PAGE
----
Amy Horowitz's career spans academic and public sectors. In 1978, she founded Roadwork (now Roadwork Center for Cultures in Disputed Territory) a movement that put women's culture on the road and will celebration 40 years at the Smithsonian https://festival.si.edu/2018/sisterfire. Sweet Honey In The Rock credits her as central to their global reach. At Smithsonian, she was Program Director for A Global Assessment of the 1989 UNESCO Recommendation on the Safeguarding of Traditional Culture International Conference, co-hosted by with UNESCO in 1998. As Acting Director for Smithsonian Folkways Recordings, she received a Grammy as co-producer for the reissue of the Anthology of American Folk Music and supervised over eighty projects on locally situated global music.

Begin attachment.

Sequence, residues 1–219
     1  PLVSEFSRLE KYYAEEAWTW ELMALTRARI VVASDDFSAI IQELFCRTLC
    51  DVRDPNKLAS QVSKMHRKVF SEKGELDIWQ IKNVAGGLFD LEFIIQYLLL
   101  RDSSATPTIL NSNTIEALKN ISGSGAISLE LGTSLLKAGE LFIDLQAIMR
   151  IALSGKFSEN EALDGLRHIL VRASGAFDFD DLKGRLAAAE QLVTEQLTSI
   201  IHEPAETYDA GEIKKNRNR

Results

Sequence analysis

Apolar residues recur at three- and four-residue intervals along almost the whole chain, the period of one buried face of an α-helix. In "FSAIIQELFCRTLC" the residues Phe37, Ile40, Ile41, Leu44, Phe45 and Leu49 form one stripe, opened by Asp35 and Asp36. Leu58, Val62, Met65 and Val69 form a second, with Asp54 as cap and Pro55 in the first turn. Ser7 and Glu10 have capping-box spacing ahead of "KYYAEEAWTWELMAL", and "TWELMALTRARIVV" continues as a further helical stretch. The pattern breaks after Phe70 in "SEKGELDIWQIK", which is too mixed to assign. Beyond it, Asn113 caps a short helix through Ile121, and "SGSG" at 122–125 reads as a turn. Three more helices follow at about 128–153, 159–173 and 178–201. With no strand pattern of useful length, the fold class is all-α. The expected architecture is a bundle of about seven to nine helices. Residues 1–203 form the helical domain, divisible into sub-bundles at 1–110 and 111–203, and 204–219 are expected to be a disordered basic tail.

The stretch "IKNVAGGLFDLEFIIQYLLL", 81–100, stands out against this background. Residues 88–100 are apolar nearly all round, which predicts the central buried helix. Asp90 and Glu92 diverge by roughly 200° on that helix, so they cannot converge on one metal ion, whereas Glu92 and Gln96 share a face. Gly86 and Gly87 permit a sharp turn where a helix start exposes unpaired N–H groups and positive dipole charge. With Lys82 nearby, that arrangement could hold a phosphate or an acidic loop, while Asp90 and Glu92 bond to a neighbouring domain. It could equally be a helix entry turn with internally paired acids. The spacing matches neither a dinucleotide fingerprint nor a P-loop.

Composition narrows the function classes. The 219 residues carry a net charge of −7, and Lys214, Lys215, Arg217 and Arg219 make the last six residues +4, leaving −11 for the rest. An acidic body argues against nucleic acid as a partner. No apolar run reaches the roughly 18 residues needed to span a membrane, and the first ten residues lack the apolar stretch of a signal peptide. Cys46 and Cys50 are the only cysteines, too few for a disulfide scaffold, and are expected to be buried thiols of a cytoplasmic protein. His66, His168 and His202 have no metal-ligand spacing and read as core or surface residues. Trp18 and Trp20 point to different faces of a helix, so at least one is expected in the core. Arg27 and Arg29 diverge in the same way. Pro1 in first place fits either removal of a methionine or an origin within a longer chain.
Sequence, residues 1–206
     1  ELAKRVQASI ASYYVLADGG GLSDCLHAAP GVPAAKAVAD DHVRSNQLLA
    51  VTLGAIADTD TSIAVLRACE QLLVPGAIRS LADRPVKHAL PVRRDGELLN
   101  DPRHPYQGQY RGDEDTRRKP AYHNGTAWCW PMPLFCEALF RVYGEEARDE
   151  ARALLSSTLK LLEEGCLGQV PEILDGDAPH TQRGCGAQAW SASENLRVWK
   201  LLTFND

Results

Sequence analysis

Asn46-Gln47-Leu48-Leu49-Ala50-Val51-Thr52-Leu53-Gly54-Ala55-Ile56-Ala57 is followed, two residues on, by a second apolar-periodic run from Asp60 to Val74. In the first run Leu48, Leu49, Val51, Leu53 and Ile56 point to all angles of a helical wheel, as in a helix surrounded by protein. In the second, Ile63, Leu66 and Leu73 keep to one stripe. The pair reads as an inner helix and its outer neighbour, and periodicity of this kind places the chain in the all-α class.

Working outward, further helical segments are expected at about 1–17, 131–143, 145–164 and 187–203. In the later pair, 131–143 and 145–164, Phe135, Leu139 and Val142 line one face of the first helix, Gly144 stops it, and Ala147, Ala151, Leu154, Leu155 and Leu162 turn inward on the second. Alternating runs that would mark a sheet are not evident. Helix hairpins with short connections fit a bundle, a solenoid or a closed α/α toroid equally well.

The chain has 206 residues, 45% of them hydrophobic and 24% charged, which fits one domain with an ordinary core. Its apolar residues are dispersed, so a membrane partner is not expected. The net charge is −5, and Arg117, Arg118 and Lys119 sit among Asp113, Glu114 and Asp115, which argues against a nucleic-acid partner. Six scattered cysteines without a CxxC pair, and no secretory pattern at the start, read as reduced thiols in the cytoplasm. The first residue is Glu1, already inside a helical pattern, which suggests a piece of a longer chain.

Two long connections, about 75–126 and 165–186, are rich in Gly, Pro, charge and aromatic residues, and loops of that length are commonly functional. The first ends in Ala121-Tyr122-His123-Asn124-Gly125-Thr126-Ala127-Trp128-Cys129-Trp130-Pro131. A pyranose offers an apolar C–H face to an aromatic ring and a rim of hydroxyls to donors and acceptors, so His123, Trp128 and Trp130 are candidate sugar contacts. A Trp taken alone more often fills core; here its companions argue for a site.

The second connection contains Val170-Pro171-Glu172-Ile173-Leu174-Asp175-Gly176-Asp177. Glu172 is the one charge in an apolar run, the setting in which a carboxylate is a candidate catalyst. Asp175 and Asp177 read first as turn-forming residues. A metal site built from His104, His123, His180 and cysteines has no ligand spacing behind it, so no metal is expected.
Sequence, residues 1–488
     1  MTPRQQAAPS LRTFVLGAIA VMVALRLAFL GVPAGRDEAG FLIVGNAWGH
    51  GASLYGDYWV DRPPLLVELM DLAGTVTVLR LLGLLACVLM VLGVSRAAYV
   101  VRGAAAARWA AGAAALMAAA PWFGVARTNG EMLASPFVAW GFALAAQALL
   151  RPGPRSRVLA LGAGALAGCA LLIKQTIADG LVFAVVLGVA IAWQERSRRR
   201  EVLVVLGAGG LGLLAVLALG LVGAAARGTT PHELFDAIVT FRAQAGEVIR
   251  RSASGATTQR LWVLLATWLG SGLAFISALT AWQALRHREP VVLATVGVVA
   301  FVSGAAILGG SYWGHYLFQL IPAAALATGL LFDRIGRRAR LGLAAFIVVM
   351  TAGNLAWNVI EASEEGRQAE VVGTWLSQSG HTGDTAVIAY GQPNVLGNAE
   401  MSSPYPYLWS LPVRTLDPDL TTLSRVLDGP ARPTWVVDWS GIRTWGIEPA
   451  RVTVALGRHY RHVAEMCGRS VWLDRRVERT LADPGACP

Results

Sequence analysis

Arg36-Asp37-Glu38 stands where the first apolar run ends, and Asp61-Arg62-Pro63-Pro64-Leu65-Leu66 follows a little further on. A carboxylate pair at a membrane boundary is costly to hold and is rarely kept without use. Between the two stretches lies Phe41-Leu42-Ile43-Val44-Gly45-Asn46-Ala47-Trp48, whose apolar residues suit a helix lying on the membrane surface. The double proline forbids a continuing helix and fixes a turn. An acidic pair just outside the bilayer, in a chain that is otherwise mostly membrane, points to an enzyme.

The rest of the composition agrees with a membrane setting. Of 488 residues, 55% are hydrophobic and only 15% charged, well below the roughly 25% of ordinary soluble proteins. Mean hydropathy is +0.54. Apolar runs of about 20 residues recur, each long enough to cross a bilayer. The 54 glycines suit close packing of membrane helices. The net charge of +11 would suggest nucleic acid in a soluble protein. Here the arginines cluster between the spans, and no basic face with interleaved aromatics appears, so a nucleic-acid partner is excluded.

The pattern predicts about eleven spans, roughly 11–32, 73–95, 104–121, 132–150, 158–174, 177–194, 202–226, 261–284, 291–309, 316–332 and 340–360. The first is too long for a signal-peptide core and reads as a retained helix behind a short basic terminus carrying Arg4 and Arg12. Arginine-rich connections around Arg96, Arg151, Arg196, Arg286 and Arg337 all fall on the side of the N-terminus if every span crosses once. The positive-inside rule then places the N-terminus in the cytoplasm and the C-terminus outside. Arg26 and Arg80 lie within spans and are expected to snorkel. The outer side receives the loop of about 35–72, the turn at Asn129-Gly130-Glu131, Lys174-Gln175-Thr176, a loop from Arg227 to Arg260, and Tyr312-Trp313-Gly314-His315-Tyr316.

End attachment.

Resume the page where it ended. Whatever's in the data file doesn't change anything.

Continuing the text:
At The Ohio State University Mershon Center for International Security Studies, Horowitz was PI for Protest Music as Responsible Citizenship: A Conversation with Harry Belafonte, Pete Seeger, Bernice Johnson Reagon and Holly Near, The Salaam Shalom Peace Project (arts-based encounter among 5th grade students from Muslim, Christian and Jewish Day Schools) and Living Jerusalem: Ethnography and Blog-bridging in Disputed Territory.
At Indiana University, Horowitz is Co-Director (with Dean Wesley Thomas of Navajo Technical University) of GALACTIC (Global Arts Local Arts Culture Technology International Citizenship) a project of Center for the Study of the Middle East and Center for the Study of Global Change. Her course, Living Jerusalem: Ethnography and Blog Bridging in Disputed Territory received an International Studies award in 2013. Her book, Mediterranean Israeli Music: The Politics of the Aesthetic won a Jordan Schnitzer book award at the Association for Jewish Studies in 2010. Horowitz is interested in how global conflicts can be understood in local cultural and artistic terms.